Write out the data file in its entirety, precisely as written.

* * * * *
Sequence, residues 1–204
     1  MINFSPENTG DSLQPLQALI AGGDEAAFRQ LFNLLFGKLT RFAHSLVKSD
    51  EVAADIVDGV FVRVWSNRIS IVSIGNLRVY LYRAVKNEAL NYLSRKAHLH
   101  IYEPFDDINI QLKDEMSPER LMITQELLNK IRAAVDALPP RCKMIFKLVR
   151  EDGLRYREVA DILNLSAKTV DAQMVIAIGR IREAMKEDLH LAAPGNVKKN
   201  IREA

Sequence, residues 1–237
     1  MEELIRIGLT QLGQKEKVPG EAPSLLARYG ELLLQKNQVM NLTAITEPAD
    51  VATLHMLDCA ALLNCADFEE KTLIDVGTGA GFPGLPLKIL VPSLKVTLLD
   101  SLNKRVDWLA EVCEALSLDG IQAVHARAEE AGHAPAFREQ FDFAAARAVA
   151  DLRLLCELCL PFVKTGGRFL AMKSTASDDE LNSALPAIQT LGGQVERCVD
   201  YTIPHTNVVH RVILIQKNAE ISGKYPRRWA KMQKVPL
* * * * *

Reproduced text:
Sequence, residues 1–204
     1  MINFSPENTG DSLQPLQALI AGGDEAAFRQ LFNLLFGKLT RFAHSLVKSD
    51  EVAADIVDGV FVRVWSNRIS IVSIGNLRVY LYRAVKNEAL NYLSRKAHLH
   101  IYEPFDDINI QLKDEMSPER LMITQELLNK IRAAVDALPP RCKMIFKLVR
   151  EDGLRYREVA DILNLSAKTV DAQMVIAIGR IREAMKEDLH LAAPGNVKKN
   201  IREA

Sequence, residues 1–237
     1  MEELIRIGLT QLGQKEKVPG EAPSLLARYG ELLLQKNQVM NLTAITEPAD
    51  VATLHMLDCA ALLNCADFEE KTLIDVGTGA GFPGLPLKIL VPSLKVTLLD
   101  SLNKRVDWLA EVCEALSLDG IQAVHARAEE AGHAPAFREQ FDFAAARAVA
   151  DLRLLCELCL PFVKTGGRFL AMKSTASDDE LNSALPAIQT LGGQVERCVD
   201  YTIPHTNVVH RVILIQKNAE ISGKYPRRWA KMQKVPL